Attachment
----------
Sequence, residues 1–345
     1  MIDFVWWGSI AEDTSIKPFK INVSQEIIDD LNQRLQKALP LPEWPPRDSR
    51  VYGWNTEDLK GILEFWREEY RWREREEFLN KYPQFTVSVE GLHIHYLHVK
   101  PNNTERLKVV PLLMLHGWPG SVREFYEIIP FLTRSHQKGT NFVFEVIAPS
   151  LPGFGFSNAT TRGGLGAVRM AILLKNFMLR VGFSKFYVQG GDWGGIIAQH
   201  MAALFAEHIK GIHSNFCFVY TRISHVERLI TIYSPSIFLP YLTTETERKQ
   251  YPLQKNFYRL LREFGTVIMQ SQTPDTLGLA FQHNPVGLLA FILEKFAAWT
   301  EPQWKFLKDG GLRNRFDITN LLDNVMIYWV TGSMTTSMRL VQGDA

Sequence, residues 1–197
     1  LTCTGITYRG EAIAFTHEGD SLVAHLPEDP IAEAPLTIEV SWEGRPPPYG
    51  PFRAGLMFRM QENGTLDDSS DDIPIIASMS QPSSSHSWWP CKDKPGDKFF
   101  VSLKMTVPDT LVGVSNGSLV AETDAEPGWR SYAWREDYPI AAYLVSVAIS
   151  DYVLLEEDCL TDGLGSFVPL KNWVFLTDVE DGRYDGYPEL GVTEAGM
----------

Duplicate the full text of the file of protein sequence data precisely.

Sequence, residues 1–345
     1  MIDFVWWGSI AEDTSIKPFK INVSQEIIDD LNQRLQKALP LPEWPPRDSR
    51  VYGWNTEDLK GILEFWREEY RWREREEFLN KYPQFTVSVE GLHIHYLHVK
   101  PNNTERLKVV PLLMLHGWPG SVREFYEIIP FLTRSHQKGT NFVFEVIAPS
   151  LPGFGFSNAT TRGGLGAVRM AILLKNFMLR VGFSKFYVQG GDWGGIIAQH
   201  MAALFAEHIK GIHSNFCFVY TRISHVERLI TIYSPSIFLP YLTTETERKQ
   251  YPLQKNFYRL LREFGTVIMQ SQTPDTLGLA FQHNPVGLLA FILEKFAAWT
   301  EPQWKFLKDG GLRNRFDITN LLDNVMIYWV TGSMTTSMRL VQGDA

Sequence, residues 1–197
     1  LTCTGITYRG EAIAFTHEGD SLVAHLPEDP IAEAPLTIEV SWEGRPPPYG
    51  PFRAGLMFRM QENGTLDDSS DDIPIIASMS QPSSSHSWWP CKDKPGDKFF
   101  VSLKMTVPDT LVGVSNGSLV AETDAEPGWR SYAWREDYPI AAYLVSVAIS
   151  DYVLLEEDCL TDGLGSFVPL KNWVFLTDVE DGRYDGYPEL GVTEAGM